Friday, September 26, 2014

Marshall Sutton feature (2012)


(NOTE: This feature appeared in the Hickory Daily Record in 2012.)
Sutton’s career is 44 years and still counting

By Tom Gillispie

A lot of crankcase oil has flowed through his motors since Marshall Sutton started racing.
Sutton, 60, says his dad used to race big-timers like Bobby Allison, Richard Petty Red Farmer and others when they lived in Florida.
Sutton took up racing when he was 16.
“My first car was a '49 Chrysler,” said Sutton, who has raced at Hickory Motor Speedway since 1986. “It was like Street Stock, but they called it the Cyclone division. The first night out I finished second; the second night out, I crashed.”
Sutton’s dad told him to find a ’57 Chevy, and he says he drove it to the 1970 Florida state title in the Cyclone division.
“I ran it for five years. It got so beat up they told me not to bring it back,” Sutton said with a laugh.
He ran a few Limited Late Model races in Florida, although it was called something else. Sutton doesn’t remember what.
Sutton’s dad was a truck driver, moving produce, and he drove through the Burnsville area north of Asheville, liked it and decided to stay.
Sutton says that they looked liked something out of the old TV show Sanford and Son as they drove up from Florida in various trailers.
“He bought 28 acres with an old farmhouse, and I still live in one of the houses. It must be over 200 years old by now,” Sutton said.
After the family moved to Burnsville, Sutton first tried Asheville Speedway. In the last race of the season, he bought a NASCAR license, started 26th with no practice and “won the darned thing.”
He says he was protested, but track officials saw a legal car. The protestor had to pay up.
Sutton says he lucked out in meeting Bob Pressley, who steered him to Harris Speedway, a dirt track near Greer, S.C.
He says he won four of six races that year, then ran Greenville-Pickens Speedway the next year in a ’57 Chevy. He recalls winning 26 of 28 Super Stock starts at Greenville-Pickens one year.
He started at Hickory in ’86.
“I won the championship in Super Stock at Hickory and Tri-County (Motor Speedway) in '95 and '96,” he said, “but the division died out eight to 10 years ago. Now there’s Street Stock; that’s about all I can afford.”
Naturally, Sutton has had ups and downs in 44 years of racing.
“I had surgery year before last, and a foot and a half of my colon was removed,” Sutton said. “I went to the (HMS) banquet two weeks after. I’d lost to 160 pounds (from 5-9, 180), and I was pretty puny. I looked like dead man walking.”
His newest problem isn’t his health. Sutton was third in the division before last week’s race. He blew a motor on the white-flag lap and still had enough momentum to finish third. He was moved to second when Mike Newton was dropped from that spot.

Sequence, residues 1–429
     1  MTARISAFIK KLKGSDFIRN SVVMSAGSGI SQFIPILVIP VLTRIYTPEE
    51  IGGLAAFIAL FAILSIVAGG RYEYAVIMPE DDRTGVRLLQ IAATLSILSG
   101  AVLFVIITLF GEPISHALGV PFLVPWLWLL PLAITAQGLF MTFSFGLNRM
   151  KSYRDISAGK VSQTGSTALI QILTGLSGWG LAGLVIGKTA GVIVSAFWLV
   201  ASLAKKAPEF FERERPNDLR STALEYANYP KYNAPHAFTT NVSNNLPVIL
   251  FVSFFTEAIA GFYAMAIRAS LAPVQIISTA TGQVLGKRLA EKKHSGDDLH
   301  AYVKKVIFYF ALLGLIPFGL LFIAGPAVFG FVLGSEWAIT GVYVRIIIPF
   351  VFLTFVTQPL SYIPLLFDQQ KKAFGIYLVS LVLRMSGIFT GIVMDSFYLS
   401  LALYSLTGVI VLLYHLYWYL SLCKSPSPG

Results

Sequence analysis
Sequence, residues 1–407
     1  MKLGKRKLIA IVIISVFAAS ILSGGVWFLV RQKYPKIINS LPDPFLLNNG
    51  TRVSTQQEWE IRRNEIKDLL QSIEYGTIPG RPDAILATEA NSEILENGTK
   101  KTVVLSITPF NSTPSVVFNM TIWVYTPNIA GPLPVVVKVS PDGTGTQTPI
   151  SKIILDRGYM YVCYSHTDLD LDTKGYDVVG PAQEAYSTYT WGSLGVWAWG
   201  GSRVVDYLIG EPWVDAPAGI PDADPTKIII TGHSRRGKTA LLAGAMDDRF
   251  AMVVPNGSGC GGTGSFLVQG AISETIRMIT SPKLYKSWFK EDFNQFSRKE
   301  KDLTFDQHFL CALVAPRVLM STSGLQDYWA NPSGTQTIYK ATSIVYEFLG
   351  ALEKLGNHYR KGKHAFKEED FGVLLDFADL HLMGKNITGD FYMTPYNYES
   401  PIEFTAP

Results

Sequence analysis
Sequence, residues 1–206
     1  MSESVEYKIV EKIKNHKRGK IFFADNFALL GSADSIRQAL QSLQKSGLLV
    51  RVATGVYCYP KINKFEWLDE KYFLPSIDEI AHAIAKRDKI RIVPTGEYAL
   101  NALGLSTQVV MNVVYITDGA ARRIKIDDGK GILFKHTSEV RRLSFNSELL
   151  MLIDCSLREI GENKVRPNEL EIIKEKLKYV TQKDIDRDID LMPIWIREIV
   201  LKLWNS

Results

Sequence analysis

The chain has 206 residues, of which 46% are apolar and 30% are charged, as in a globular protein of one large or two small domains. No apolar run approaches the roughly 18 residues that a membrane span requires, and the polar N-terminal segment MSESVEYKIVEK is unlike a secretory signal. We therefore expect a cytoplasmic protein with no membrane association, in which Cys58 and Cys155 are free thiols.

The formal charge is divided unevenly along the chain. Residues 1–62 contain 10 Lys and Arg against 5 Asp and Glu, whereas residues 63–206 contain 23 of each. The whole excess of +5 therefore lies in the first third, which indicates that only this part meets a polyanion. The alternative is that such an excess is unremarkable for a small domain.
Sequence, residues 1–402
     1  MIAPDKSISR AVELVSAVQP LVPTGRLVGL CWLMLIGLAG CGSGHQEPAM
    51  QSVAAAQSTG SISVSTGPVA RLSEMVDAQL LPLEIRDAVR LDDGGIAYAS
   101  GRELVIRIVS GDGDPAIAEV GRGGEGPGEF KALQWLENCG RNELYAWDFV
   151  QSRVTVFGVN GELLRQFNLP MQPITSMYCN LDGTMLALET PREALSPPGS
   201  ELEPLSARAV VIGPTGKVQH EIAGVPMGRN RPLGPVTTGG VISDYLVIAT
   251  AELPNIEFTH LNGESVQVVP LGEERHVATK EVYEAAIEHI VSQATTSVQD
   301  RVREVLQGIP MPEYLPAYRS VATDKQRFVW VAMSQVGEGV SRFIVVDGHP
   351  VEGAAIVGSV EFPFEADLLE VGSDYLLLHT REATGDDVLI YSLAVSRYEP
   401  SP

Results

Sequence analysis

He asked around, but $4,500 for a new engine was out of the question. So now he doesn’t have a motor for Hickory.
He says that division leader and friend Kevin Eby has offered him a motor, but he’s leery to use it.
“I’d hate to borrow it and tear up the engine,” Sutton said. “I’d just be in further debt.”
Eby, Sutton’s close friend, has told him not to worry about that, but Sutton worries anyway.
“I’ve got my old motor from last year he could use,” Eby said. “We’re pretty tight. We pit together and help each other. I told him he could use it if he wanted to; we only have six or seven races left. But he said that if something happens to it, if it blows up, he doesn’t have the money to replace it. I told him I’d give him the motor.”
Eby, 42, and Sutton, 18 years older, have changed. Both men admit they were rivals when they started racing each other in the 1990s.
“When we started,” Eby said, “we were not the best of friends. We’d talk around the track, but for four or five years we were rival enemies. I’d do anything in my power to beat him on the track. I’d knock out way if I needed to. At times we said words to each other.
“But one year it all changed, and we became best friends. We go eat supper together, go fishing together. He’s helped me when we’re racing, and I’ve helped him. We do things with our families together, cookouts and other things.”
Sutton says he might go to Hickory Saturday night to give his friends help and encouragement.
But he can still race. He has a big motor that he can’t run at Hickory, and he said he’d put it in his Camaro and race Friday at Kingsport (Tenn.) Speedway.
He says he enjoys racing Street Stocks. Still…
“I miss running Late Models or Limiteds,” he said, “but you’ve got to run where you’re comfortable and you know you can afford it. The top divisions are tough. They (the drivers) have got money they don't care about.”
Sutton says Morgan Shepherd, the 70-year-old former Winston Cup driver, reminds Sutton of Sutton. Long after he started, he’s still racing what he can afford.
And, in his own way, he’s winning.

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